The AT&T merger didn't pan out, but T-Mobile isn't giving up on M&A as a growth strategy. Deutsche Telekom, the parent company of T-Mobile, is now looking to cozy up with MetroPCS in a $1.5 billion acquisition. The transaction is expected to close in the first half of 2013.

Deutsche Telekom has agreed to combine T-Mobile and MetroPCS in a move to create the leading value carrier in the U.S. wireless market. The merger will allow T-Mobile to offer a wider selection of products and services, deeper network coverage and a technology path to a common LTE network. The combined company will keep the T-Mobile name.

"The T-Mobile and MetroPCS brands are a great strategic fit -- both operationally and culturally," said Rene Obermann, CEO of Deutsche Telekom. "We are committed to creating a sustainable and financially viable national challenger in the U.S., and we believe this combination helps us deliver on that commitment."

Faster Network

Deutsche Telekom said the combined company will be a stronger competitor and will be well-positioned to drive future growth. Based on analyst consensus estimates for 2012, the new T-Mobile is expected to have approximately 42.5 million subscribers, $24.8 billion of revenue, $6.3 billion of adjusted earnings before interest, taxes, depreciation, and amortization, $4.2 billion of capital expenditures and $2.1 billion of free cash flow in 2012.

By increasing scale, Deutsche Telekom is betting it can attract more compelling handsets, content and applications. The firm is projecting $6 billion to $7 billion worth of cost synergies and more upside from revenue synergies. The company also expects to offer more competitively priced plans post-merger, including contract, no-contract monthly, SIM-only, pay-as-you-go and mobile broadband services.

"Our enhanced spectrum position will be the foundation for a faster and more reliable network, and will allow us to deploy a deeper and more robust LTE rollout, particularly in major metropolitan areas," said John Legere, president and CEO of T-Mobile.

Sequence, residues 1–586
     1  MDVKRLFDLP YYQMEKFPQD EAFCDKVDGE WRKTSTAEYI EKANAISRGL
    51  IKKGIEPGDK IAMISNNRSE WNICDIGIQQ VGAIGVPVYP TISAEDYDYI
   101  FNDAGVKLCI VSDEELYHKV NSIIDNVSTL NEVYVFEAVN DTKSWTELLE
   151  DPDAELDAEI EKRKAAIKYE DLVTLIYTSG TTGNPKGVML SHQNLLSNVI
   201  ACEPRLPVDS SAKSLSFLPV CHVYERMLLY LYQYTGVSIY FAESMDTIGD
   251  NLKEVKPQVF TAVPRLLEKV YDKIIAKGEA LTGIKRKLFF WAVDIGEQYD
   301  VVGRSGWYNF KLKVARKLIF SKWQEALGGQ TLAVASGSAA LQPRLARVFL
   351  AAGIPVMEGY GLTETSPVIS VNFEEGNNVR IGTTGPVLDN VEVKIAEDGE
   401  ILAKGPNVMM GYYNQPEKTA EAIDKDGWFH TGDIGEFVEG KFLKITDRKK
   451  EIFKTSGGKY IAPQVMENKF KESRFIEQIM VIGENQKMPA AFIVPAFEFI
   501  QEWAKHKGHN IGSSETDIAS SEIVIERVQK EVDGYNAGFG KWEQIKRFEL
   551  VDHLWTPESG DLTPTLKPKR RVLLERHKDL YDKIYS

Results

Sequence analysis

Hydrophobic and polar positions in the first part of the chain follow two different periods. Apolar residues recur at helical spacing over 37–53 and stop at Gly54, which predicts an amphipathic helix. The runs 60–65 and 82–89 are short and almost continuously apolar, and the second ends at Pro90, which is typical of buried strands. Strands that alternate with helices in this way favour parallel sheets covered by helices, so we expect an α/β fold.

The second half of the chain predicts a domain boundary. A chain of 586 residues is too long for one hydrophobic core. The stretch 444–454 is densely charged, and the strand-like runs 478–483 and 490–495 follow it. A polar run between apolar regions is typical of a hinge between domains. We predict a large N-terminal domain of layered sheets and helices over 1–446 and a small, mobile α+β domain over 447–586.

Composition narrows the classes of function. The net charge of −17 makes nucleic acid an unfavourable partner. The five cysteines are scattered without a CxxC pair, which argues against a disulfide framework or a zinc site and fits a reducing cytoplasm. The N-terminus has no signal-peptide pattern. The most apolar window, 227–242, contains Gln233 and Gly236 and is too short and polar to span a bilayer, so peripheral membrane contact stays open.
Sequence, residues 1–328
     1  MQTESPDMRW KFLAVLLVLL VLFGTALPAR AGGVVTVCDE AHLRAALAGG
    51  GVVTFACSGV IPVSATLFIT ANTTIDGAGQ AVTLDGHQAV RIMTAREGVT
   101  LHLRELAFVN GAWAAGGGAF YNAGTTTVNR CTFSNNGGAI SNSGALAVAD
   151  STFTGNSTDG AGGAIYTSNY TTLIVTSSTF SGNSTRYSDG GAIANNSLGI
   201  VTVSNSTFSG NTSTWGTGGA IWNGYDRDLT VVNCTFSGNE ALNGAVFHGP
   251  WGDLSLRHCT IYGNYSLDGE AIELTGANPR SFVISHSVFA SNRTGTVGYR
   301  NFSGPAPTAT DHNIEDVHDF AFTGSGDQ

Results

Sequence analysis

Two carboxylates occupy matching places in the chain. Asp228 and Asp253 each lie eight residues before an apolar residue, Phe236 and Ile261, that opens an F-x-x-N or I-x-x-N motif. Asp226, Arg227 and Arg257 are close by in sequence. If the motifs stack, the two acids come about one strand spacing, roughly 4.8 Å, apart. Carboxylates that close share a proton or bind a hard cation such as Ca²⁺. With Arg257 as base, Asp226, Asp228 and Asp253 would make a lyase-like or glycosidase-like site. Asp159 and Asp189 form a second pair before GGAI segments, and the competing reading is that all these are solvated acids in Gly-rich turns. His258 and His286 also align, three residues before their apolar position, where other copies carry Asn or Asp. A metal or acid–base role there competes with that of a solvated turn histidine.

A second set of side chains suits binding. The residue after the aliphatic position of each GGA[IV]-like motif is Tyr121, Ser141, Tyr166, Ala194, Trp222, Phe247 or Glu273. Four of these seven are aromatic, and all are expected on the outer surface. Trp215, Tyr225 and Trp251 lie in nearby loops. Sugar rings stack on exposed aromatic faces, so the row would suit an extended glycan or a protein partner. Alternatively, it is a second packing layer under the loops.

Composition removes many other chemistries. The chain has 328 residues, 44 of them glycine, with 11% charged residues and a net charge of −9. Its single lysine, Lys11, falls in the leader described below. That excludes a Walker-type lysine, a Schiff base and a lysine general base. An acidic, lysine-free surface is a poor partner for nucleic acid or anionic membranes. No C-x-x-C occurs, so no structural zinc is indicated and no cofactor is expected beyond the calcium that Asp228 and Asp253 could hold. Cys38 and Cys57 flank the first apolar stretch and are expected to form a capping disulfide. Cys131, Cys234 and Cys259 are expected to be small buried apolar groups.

Good for T-Mobile?

Weston Henderek, a principal analyst at Current Analysis, told us the deal makes sense for both companies at a high level. MetroPCS immediately becomes more competitive in the U.S. market and T-Mobile gets additional AWS spectrum, which is difficult to come by. But Henderek is not convinced it's a panacea for what ails T-Mobile.

"In the call, T-Mobile really hammered home the same strategy that they've been proceeding with, the challenger strategy, with lots of device financing plans," Henderek said. "I didn't hear anything from T-Mobile that indicates to me they are looking to shift their overall strategy. To me that's a problem because they've been struggling."

For example, T-Mobile still doesn't have the iPhone. Although the merger with MetroPCS may give T-Mobile a greater chance to land the iPhone, there are no guarantees. Another angle on the merger is what happens to MetroPCS-like competitors like Leap Wireless?

"This move makes it more likely that Leap goes running for Sprint. It shows that it's hard to operate as a smaller regional player in this competitive market and you need some kind of scale," Henderek said. "We are coming to a spectrum crunch. This merger increases the possibility of Leap potentially merging with Sprint."